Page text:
[Trying to hustle on the snow rock snow rock of the final ridge section of Serra Two.]
The next morning, we spent several indescribably pleasant hours lounging about in the sun outside the hut, drinking instant coffee, eating the last of our food and reminiscing about the crazy climb it had been. I could hardly believe my eyes when Kinley pulled out a pink compact mirror and tweezers from her pack and began preening. I love these seemingly incongruous moments when strong, competent women do very stereotypically girly things in the mountains. Personally, I had no desire to look in a mirror when I could feel my sunburned and chapped lips flaking off in leprous chunks. Eventually we marched back to our Sunny Knob basecamp and de-rigged from our Serra Two epic. A small infection in Kinley's elbow had producing a kiwi-fruit sized lump during the climb, and a sat phone call to a nurse confirmed that she needed to get to an ER. As we packed up, my disappointment at leaving without even getting a sip of the Grand Cappuccino was dwarfed by my satisfaction of completing three safe and classic ascents in this stunning range. I am certain I don't have the necessary cajones to pursue most of the big-mountain objectives the Waddington Range is full of, but my caffeine and granite spire addiction is giving me a craving for a second round of Grand Cappuccino next summer...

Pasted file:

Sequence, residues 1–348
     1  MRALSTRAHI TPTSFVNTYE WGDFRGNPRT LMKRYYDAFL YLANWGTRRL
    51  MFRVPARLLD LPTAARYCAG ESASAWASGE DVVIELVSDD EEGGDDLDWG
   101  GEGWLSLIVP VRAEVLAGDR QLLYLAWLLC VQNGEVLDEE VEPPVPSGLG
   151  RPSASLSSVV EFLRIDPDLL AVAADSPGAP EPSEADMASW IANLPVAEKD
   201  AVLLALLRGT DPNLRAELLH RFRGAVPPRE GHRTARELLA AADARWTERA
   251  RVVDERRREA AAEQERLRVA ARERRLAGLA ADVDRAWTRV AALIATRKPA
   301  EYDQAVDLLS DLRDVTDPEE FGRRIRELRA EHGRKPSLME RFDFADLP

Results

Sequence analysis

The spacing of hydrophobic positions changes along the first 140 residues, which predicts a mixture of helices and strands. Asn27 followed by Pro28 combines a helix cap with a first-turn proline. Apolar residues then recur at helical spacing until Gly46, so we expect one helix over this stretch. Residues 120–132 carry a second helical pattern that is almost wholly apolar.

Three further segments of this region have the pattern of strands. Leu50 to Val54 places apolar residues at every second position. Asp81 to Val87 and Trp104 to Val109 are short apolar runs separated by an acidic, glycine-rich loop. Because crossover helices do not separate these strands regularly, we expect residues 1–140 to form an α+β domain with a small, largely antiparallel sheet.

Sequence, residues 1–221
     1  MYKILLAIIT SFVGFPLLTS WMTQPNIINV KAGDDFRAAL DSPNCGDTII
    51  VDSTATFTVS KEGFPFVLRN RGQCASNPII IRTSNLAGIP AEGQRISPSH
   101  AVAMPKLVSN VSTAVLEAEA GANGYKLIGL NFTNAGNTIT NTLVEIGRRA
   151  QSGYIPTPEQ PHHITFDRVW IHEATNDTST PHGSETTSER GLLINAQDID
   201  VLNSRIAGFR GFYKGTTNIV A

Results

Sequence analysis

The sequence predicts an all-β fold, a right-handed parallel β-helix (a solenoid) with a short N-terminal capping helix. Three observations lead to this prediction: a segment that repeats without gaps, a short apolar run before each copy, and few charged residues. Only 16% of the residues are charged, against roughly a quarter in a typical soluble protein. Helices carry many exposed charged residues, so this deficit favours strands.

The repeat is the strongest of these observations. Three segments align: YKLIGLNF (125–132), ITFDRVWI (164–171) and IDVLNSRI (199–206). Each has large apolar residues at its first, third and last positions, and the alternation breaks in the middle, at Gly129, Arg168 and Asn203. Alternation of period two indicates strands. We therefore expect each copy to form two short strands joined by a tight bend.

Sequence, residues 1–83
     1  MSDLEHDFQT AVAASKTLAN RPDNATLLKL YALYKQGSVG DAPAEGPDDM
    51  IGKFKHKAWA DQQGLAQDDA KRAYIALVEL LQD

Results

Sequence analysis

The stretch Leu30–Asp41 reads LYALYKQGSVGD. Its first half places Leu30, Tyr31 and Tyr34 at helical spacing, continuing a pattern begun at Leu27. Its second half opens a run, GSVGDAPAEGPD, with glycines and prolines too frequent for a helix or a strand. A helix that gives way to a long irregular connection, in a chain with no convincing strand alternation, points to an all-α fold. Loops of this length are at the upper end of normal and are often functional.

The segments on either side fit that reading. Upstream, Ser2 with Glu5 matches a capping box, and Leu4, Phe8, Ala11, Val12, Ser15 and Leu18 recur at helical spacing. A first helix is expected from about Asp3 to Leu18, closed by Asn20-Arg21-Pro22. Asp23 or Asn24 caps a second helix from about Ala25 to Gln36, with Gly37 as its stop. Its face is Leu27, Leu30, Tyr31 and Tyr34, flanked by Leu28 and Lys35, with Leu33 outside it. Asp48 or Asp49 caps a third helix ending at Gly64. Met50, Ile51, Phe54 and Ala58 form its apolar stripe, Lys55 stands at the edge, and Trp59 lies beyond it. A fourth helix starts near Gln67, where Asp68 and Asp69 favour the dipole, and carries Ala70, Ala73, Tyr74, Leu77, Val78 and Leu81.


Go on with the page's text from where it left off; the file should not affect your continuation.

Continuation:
[The team. Alive, well and extra bonded after our long climb.]